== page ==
Writing for Personal Growth

Photo: From left to right: math teacher, Barbara Jakubiec; Assistant Director, Centre-Donnacona Institution, Joël Garneau; French teacher, Geneviève Pelletier; teaching consultant, Marie-Josée Tessier; Vice‑President of the Fédération des syndicats de l’enseignement and Ma plus belle histoire writing contest lead, Brigitte Bilodeau; novelist-poet David Goudreault; and French teacher and Ma plus belle histoire writing contest proponent at Donnacona Institution, Maude Proulx.

By Maude Proulx, French teacher at Donnacona Institution

In order to encourage Donnacona Institution students to write beyond the scholastic context, I invited them to participate in the Ma plus belle histoire writing contest for adult students in Quebec.

The instructions are simple: write between 500 and 1,000 words on any subject. The top 50 writing samples are then published as a collection.

I had announced that if only one student were to participate, I would consider it a success. I was pleased that seven students wound up participating! Out of this writing process, two life stories, one poem, three narratives and one testimonial were created. Although I supervised the drafting and proofreading, the authenticity and inspiration came from the students. In fact, they were all very proud of their submissions.

From among more than 500 texts submitted from 70 locations, three of the seven Donnacona Institution texts were selected for the 2018-2019 collection! Even better, one of them was awarded the Mention Antidote, which celebrates the best use of the French language! 

Because the contest spokesperson is Quebec novelist David Goudreault, I decided to read his first novel to the students. All of the Francophone students enjoyed it, and even some of the inmates who do not attend school read it. In short, the novel made the rounds in the ranges!

When I saw the great interest in Goudreault's writing, I contacted the president of the Fédération des syndicats de l’enseignement teachers' union, the contest organizer, who arranged for David Goudreault to come give a poetry workshop. Six students participated and it was great to see the students take notes and listen attentively.

They then each took to their page to write a poem about an inspirational person. At the end of the exercise, three students agreed to read their poems to the group. We were not surprised to hear magnificent and meaningful poems. The next day one student said that, for a moment, they had forgotten they were in prison. That says it all!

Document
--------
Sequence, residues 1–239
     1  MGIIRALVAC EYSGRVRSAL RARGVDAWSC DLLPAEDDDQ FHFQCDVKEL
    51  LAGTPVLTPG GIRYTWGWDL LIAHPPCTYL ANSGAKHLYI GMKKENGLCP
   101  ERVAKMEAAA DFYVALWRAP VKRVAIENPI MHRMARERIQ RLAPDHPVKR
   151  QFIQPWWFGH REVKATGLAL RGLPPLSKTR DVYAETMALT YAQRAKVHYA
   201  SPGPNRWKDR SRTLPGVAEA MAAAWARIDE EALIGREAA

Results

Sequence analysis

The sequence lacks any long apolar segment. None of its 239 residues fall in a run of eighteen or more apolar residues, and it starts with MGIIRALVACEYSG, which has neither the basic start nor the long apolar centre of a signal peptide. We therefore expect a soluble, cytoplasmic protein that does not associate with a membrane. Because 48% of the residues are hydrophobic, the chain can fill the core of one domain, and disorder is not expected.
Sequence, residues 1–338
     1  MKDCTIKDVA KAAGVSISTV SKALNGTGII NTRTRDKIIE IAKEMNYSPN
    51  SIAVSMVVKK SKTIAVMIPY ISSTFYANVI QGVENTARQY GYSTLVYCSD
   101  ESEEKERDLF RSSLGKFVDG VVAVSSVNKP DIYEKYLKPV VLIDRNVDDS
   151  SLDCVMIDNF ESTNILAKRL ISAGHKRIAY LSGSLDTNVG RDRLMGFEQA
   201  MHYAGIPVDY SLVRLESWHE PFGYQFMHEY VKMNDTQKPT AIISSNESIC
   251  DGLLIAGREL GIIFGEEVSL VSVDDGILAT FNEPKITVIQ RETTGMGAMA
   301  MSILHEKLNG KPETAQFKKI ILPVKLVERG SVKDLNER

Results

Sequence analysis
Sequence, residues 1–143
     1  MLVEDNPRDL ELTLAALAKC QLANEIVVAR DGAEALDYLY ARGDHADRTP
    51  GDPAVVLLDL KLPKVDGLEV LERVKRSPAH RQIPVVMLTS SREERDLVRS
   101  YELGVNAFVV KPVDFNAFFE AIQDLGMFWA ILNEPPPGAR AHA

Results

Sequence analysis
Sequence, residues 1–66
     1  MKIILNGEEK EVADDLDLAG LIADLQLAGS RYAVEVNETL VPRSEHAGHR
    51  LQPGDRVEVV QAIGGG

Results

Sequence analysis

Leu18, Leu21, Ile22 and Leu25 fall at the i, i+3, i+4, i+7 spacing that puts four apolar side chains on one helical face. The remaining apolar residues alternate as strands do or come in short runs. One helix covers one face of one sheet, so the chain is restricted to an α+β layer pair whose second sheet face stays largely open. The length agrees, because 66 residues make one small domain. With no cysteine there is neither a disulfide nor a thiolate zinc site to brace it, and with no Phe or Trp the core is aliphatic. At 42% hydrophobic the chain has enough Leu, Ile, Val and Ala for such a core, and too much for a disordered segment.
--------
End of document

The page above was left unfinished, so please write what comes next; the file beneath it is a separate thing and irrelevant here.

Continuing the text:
In short, for those students, these projects were a revelation, a leitmotif, a discovery, an accomplishment, a success and an act of pride.

Since then:

  • students have developed a taste for reading – those who had never read or finished a book are now borrowing novels and reading on a daily basis;
  • students understand the liberating power of writing. I think of the one student who decided to continue with the story he submitted for the contest to see if he could turn it into a novel and the other student who decided to write a short story for each of his children; and
  • students understand how poetry can be accessible, and some understand that it can be a true release. One student is working on polishing the poem he started in the workshop with Goudreault, and another one is exploring different poetic styles and is currently working on his sixth poem. All of them are interested in reading the poems I post on a wall called Un p’tit coin de poésie and discuss their preferences and interpretations.

This project recognizes that adult education teachers working in correctional institutions can make a difference in the lives of students with difficult histories and realities completely different from our own.

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